Sunday, March 30, 2014

Life is Subject to Change

It rained all morning five years ago today in Nanning. To pass the final few hours of anxious waiting, I walked around the people's park. I had an appointment at 3 pm to meet my new daughter. For years walking in places such as this park, where families and children congregate, would trigger a quiet sadness in me. I had gotten quite accustomed to silencing it trying to focus my attention on other things such as my work, my relationships, and creativity.

People's Park, Nanning, Guangxi, China
There are moments in my life I will never forget-- the day my therapist asked me, why  couldn't I talk to my husband again about having a family. Kevin had already raised a family and I had accepted that he wanted us to have the freedom to travel and focus on us. My therapist said to me then his trademark line, a gift to me that I now tell my own clients; "Life is subject to change." It was such a freeing moment to understand that I could honor my own feelings and make requests on their behalf. I realized that I didn't have to ignore that part of me that had been grieving the belief that I was never going to be a mother. I decided that I would talk to Kevin that weekend. I remember we were driving past the high school as I was finishing up my speech. My presentation had included the idea of adopting an older child and concluded with the request that he take time to think about things for a few days before giving me an answer.  I was relieved beyond belief to learn that Kevin could be flexible with his own vision of his future. At this point in time, multiple sclerosis had not yet robbed him of his mobility and he had a very different future in mind for himself. It turns out Kevin needed Jingju just as much as I did. We just didn't know it then.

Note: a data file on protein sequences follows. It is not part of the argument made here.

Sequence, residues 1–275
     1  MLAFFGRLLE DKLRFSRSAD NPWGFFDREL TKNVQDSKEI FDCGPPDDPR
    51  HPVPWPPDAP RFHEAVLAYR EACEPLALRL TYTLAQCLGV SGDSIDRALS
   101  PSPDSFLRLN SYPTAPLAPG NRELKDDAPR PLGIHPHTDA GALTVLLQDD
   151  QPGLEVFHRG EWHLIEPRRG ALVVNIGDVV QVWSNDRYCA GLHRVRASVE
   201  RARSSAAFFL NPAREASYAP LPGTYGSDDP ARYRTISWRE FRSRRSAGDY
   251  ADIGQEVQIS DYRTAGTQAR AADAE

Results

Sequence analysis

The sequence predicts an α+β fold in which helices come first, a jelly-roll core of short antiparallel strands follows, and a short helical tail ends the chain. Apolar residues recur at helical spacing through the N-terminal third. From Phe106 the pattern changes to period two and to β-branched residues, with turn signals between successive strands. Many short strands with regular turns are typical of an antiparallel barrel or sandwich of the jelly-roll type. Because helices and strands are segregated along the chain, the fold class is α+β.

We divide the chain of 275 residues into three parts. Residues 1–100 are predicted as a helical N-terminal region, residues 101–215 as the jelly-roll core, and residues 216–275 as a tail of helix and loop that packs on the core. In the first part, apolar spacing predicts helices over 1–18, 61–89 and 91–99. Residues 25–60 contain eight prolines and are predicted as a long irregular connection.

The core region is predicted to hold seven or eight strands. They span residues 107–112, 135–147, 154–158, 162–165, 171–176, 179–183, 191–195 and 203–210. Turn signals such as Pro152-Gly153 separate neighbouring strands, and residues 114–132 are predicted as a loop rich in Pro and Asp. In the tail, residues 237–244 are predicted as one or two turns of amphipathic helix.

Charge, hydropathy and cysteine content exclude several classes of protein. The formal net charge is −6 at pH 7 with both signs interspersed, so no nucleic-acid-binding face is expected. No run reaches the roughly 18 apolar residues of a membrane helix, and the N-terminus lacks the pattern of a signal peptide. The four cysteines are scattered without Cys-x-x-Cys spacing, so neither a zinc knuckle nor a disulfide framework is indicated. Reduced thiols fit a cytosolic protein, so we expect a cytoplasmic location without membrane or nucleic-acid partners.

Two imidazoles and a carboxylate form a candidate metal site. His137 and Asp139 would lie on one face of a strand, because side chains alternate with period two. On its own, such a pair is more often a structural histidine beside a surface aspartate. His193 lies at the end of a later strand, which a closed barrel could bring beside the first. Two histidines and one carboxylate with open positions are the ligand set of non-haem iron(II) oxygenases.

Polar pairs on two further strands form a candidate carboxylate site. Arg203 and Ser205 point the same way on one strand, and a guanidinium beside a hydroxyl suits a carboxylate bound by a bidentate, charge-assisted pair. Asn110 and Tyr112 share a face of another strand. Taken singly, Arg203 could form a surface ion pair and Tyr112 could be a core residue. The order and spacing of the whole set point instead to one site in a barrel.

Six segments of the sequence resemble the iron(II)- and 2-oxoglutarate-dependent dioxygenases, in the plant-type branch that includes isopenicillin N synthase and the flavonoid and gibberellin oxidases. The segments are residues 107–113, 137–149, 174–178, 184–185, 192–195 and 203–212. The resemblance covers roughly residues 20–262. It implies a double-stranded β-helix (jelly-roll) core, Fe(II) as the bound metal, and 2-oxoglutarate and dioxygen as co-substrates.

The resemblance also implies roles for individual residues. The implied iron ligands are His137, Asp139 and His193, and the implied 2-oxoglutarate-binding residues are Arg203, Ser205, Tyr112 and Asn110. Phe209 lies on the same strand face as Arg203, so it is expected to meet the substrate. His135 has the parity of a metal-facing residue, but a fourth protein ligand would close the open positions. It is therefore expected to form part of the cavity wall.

Jingju has now been with us almost as many years as she lived in an orphanage in China. Her memories of the time leading up to her adoption are sketchy, but they are like mine, hinged on pivotal moments.  She told me that one day someone walked into her classroom and asked the group of children, "Who wants a family, raise your hand." I picture this scene and imagine her little hand going up cautiously. How could she understand what she was saying yes to? What did she really think it meant to have a family? Did she understand it meant leaving her nanny and her friends and China altogether?
Jingju and her nanny on adoption day 3/30/2009

Jingju tells me that on the day of her leaving her orphanage, she was told to get dressed in the clothes we had sent to her. She says she rode on a bus to Nanning and didn't really know where she was going until they were underway. Her memory of this day has gotten hazy, and like most of her past life in China, we will only know what we can glean from the pictures and progress notes from Half the Sky. But I will never forget the moment she walked in with her nanny to the room where I was waiting for her. I can only guess her nanny told her to walk over to me, which she did. She took my hand and let me hug her. The qualities I saw in Jingju on that first day ranged from a yin yang of cautious bravery and bold restraint. She was so sweet and loving with her nanny, and quietly cried with such heartbreaking sadness when her nanny left. Over the next few days Jingju gradually opened herself up to me and became playful with me. It was clear what a resilient, bright, and curious child she was and that one of her greatest strengths is her ability to roll with and accept change. I am so privileged and thankful  to be Jingju's mother. My journey to Jingju began with the moment I gave myself permission to honor my need to be a mother. Kevin and Jingju both said yes in turn, and we became a family.

Jingju today



1 comment:

  1. Jingju grows more beautiful everyday. I remember meeting both of you on the bus coming back from the consulate. I can hardly believe it has been 5 years already.

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